Europe is in the DNA of the Agreement – a binding treaty which was ratified by two referendums and two sovereign parliaments. But equally, we have all accepted the reality of the decision of Brexit referendum, even though it was rejected by the people of Northern Ireland. This week the European Commission responded to the concerns of people in Northern Ireland in a comprehensive and ambitious way.
The package they have proposed manifestly provides the basis for concluding negotiations and getting back to the work of co-operation and development. The Irish people and the Irish government have demonstrated good faith at every stage. The European Commission has gone to exceptional lengths to demonstrate its good faith in responding to issues which were not of its making. If everyone demonstrates this good faith, then we can deal with this quickly and move on.

The people of this island have shown remarkable resilience and growth over the last century.
We have achieved incredible things, while always demanding of ourselves that we must do better. We have been able to do this because of a generation of men and women who committed themselves to renewal and a republican commitment to building a state which seeks to serve its people and build partnerships with others. Twenty five years were not enough to show us everything which Seán Treacy could achieve for the people he was so passionate about – but they were enough to mark him as a great Irishman and a great republican.
Some 101 years after he was shot down on a Dublin Street it is right that we continue to come to this place to honour him. To honour his comrades and to honour everything which they achieved for the Irish people”.

Speech Ends


Liberty Square Thurles – Recollections Of A Violinist -1914

Violinist & Author M. W. Quirke, Bristol, England.

The year was 1914; the visiting English tourist to Thurles was Mr M. W. Quirke. Details of his experience as a tourist here in Thurles is contained in a book entitled “Recollections Of A Violinist”, with same dedicated to his seven sons, Conal, Dathy, Brian, Frank, Terence, Raymond and Septimus.

Those responsible for marketing our ‘Tourism Product’, take note.

With the chat locally nowadays mostly about the supposed 9 – 12 million upgrade to Liberty Square in Thurles, this unabridged passage from Mr Quirke’s published travel book reads as follows:-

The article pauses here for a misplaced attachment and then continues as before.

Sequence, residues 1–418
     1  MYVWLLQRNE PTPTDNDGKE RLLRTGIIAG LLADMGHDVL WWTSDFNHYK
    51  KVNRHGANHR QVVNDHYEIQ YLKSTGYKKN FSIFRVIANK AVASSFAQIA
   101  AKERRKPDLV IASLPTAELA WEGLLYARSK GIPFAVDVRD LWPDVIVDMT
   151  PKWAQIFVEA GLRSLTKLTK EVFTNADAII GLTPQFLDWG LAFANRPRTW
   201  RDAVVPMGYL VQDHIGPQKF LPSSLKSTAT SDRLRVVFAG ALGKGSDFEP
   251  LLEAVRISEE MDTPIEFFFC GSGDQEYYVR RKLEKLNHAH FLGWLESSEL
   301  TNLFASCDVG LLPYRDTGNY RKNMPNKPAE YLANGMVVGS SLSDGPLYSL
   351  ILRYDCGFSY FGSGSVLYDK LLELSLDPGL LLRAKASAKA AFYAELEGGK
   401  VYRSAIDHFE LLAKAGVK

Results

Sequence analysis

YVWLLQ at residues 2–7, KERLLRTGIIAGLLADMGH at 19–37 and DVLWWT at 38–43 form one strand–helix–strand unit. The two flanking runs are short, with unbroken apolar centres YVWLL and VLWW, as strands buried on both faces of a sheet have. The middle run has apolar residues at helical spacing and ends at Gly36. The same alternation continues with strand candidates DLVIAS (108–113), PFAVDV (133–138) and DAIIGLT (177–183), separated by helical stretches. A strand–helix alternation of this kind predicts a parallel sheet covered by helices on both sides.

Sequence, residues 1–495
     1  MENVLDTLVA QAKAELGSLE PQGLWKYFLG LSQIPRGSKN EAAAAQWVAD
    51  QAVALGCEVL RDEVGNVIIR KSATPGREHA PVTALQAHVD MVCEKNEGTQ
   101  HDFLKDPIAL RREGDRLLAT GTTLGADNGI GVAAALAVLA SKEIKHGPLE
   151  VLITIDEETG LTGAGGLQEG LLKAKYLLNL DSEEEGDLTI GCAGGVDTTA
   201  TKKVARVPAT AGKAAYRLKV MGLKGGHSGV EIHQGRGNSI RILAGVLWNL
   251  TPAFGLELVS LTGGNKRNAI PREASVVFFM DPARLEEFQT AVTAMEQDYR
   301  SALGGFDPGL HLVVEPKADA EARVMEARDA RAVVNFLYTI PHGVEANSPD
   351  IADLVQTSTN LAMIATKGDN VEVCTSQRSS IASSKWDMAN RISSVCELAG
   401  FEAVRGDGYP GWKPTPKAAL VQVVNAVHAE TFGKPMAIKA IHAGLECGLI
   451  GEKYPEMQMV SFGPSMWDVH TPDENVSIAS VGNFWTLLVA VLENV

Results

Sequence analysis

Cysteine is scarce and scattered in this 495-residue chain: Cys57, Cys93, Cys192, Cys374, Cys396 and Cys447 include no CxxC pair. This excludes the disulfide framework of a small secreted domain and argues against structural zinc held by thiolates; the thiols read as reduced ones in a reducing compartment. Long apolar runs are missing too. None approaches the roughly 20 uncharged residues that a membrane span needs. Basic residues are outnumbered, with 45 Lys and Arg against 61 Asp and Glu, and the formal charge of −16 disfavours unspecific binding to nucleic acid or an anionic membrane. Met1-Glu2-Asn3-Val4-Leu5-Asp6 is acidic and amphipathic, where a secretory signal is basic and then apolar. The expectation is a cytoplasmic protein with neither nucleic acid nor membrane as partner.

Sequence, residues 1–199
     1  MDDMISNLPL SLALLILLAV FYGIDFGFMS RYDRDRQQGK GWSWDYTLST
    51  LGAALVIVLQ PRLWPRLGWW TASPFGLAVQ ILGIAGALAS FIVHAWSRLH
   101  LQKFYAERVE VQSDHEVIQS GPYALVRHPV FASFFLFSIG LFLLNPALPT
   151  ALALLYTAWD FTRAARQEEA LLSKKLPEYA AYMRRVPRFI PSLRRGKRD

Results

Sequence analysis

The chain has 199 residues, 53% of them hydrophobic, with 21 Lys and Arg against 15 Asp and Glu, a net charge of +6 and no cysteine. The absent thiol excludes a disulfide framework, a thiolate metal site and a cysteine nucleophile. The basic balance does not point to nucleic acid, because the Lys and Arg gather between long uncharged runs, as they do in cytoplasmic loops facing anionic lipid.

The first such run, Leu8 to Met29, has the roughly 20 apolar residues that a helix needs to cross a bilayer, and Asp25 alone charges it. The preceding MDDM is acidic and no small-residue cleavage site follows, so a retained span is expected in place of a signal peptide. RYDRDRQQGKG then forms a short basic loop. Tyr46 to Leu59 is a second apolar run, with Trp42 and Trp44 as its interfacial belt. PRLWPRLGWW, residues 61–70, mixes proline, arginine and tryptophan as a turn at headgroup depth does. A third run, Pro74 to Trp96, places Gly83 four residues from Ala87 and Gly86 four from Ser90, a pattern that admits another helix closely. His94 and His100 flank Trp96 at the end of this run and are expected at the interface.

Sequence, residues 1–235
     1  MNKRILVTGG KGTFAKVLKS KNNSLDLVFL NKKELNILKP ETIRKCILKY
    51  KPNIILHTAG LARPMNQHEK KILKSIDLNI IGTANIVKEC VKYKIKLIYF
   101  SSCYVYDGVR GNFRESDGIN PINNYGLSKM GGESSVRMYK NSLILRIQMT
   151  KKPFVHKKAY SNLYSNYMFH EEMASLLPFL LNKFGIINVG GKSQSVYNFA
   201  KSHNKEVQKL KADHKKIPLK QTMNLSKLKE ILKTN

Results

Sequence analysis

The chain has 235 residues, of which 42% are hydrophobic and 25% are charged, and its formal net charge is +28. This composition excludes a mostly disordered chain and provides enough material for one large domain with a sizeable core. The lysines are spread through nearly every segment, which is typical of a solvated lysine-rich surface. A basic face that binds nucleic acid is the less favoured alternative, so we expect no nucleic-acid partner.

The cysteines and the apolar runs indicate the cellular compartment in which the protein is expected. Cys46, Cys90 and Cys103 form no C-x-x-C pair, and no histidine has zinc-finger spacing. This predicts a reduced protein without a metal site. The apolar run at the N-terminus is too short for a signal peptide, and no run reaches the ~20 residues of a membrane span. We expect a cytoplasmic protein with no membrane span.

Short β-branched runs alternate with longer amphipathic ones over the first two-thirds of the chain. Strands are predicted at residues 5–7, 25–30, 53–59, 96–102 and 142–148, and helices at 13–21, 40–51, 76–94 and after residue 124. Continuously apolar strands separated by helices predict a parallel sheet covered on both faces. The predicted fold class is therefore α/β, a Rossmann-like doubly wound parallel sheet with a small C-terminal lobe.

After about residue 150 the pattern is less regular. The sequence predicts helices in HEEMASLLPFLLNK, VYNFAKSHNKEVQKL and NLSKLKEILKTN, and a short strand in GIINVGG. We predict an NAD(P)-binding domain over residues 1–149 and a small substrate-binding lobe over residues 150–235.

“I continue walking along the dusty road, and after a long weary plodding, I come to two rows of houses facing each other. On the whitewash walls of each facing me is an advertisement running thus:-

Mary Doolin
Entertainment for man and beast,
To be drunk on the premises.

and a curious drawing of two pipes crossed. I have now arrived at Thurles and on entering one of those houses I asked if I can have lunch.

I am received with a look of curiosity mixed with surprise and asked if I didn’t know it was Friday, as of course there is no meat in the house.
I thank the good woman and enquire if there’s anywhere else I might find accommodation and start for a place indicated, but history repeats itself, only this time I am informed that “Friday is the day the Lord died, there would be no use at all, at all cooking mate, as no dacent-minded Catholic would ate it”.

After this second defeat, which, by the way, did not appease my hunger in the least, I proceed through the city in quest of an hotel, and arrive at a kind of square in the centre of which stands a large haystack.
This looks strangely incongruous with shops around it. But, welcome sight, an Inn occupies a corner and not far off is a Cathedral with beautiful stained windows. Albeit a somewhat small building to be so termed, it contains paintings and a sculpture of a high order.

I now direct my steps to the hotel, which I find is Mr Michael Ryan’s Inn. This establishment is reached by mounting three stone steps, but as the second one has, for some reason been removed, or fallen out, I find it necessary to jump from the bottom step to the top, holding on to the half-door meanwhile.

I am soon in a small space, presumably the bar, behind which stands a young woman, to whom I address myself and ask if I can have lunch.
With a look of surprise she says “Why sir today is Friday”. I acknowledge I have been reminded of that fact several times before. She continues, “I don’t think we have anything in the house, but will you please ask Mr Ryan”, pointing to the yard where I can see but one man who looks like an ostler [Latter a man employed to look after the horses of people staying at an Inn], with a sponge in one hand and a bucket in the other.